We’re all very aware of the pandemic’s impact on how we work, but could it transform how we get paid too? Ken Charman, chief executive at Unilever spin-out uFlexReward, believes so.
Here, he explains why he thinks companies will be “pressing the button on radical changes” this year.
Towards a metered working model
“If we change something as huge as not having to come into the office, are there other aspects of the employer-employee contract we can change that we all thought were fundamental?” Charman asks.
Moving away from the traditional five-day week could be on the cards, he says, as could adopting a system that doesn’t classify work by a profession or a “rigid job description”, but rather by the skills that can be contracted for a particular project. Charman calls this a “metered working model”.
“Metered work is where organisations pay for much shorter time units than the old-fashioned annual salary or a day rate,” he says. “Where everybody, including people already employed by an organisation, has a value that relates to their skills and level of experience of those skills.
‘The idea is to retain talent with critical skills, rather than simply trying to get away with paying as little for labour as possible’
– KEN CHARMAN
“With businesses trying to move away from grade hierarchies and rigid job descriptions, skills will become an essential new commodity in the market for talent.
“A constantly updating catalogue of skills will be matched to a ‘schedule of rates’, essentially a price register for skills that is updated in real time to reflect the spot market for talent and experience, allowing organisations to build small teams of people whose skills between them can complete a project.”
However, Charman emphasises that careful thought and planning is a must: “Given that this shift to the future of work is primarily the result of an 11-month remote working model, implementation could be rushed without going through the appropriate due diligence.
“Just because many were forced to adapt, doesn’t automatically mean these are the right changes to implement. Despite how progressive they may appear, these trends towards performance-related pay systems pose a potential threat to the pursuit of pay equality, as well as raise some serious tax issues.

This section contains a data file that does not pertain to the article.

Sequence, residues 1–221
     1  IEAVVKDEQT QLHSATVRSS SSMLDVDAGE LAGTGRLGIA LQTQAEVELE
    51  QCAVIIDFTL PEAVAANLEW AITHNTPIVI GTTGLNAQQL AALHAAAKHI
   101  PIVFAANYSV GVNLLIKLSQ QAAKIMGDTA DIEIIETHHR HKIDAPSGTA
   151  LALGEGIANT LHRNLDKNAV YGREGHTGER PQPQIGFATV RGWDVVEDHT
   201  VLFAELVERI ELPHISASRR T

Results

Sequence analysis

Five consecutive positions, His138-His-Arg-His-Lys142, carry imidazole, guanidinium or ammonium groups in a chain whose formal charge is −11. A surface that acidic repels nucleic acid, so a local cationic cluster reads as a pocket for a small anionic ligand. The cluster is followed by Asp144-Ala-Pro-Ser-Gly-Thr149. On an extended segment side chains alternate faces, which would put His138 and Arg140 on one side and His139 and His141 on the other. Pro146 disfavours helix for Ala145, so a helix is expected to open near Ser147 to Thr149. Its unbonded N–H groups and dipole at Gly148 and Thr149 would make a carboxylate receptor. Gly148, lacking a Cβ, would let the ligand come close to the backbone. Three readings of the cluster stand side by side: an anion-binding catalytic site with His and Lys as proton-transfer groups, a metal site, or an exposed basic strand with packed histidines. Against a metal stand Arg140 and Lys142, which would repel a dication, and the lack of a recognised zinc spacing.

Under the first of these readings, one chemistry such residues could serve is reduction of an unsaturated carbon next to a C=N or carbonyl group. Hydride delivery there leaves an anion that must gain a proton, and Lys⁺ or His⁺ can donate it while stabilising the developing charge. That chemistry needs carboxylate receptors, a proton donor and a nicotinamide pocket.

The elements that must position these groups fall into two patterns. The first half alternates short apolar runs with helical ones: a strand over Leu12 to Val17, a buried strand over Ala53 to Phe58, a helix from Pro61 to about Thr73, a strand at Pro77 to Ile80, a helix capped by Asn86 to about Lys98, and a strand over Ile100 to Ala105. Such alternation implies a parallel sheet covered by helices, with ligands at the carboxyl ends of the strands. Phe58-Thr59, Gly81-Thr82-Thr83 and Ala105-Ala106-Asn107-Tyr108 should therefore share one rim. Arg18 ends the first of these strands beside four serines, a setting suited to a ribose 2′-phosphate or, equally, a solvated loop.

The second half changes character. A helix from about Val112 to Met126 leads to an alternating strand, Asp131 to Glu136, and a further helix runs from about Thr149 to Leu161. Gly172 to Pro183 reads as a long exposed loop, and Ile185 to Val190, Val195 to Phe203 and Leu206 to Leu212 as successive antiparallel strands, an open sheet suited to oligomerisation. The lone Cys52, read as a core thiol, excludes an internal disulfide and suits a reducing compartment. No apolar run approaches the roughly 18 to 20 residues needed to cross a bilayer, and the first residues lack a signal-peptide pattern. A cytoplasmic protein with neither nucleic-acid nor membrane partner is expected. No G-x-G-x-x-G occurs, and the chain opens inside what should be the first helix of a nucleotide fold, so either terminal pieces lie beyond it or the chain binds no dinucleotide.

“For example, if organisations can simply select labour based on the lowest cost to the organisation, how can they ensure an equal representation of women and minorities are applied to each project?”
Can we really ‘work from anywhere’?
While working from home has become the norm for most employees in the past year, some have started to eye up ‘working from anywhere’.
And though businesses are adapting to their staff members’ changing needs, Charman advises against rushing to a new home beyond the big city in the hopes of saving on rent.
It’s important to remember that salary rates are location-dependent, he says, which means they are paid according to local market norms. So, if you decided to move from London city to a more rural area, for example, you might not continue to get paid that London salary even though you’ve stayed in the same job.
“We’ve already seen large organisations like Facebook announce that, although employees can work from home for the next five to 10 years, their salaries are likely to be adjusted in line with the cost of living in an individual’s chosen location,” he says.
“If you can move to a lower price location to do your work, your work can also move to a lower price location, without you. This path will be smoothed by the evolution of ‘schedule of rates skills registers’, where high-level job definitions will be swapped for much more closely defined skills.”
It’s great that more companies are offering the flexibility to work from different places, but employers and employees alike need to pay attention to the negotiation that comes with that, Charman explains.
How we might reward employees of the future
So how can we get the metered working model right? According to Charman, we need to remember what exactly we’re trying to achieve with it: “The intention behind skills-based compensation is to create a more dynamic reward structure.
“The ideas are intended to retain talent with critical skills, rather than simply trying to get away with paying as little for labour as possible.”
Paying ‘skills allowances’ can help. Charman says these would be more closely aligned to variable market rates, encouraging employees to invest in “hot skills” and avoid the trap of allowing their skills to degrade in market value.
“But current HR tech is based on the assumption there are defined jobs, grades and reward levels,” he says. “Moving to a far more complex, flexible, skills-based and highly variable reward framework poses a choice; either go back to the chaos of spreadsheets or invest in a digital total reward system to audit and analyse this new method of remuneration.”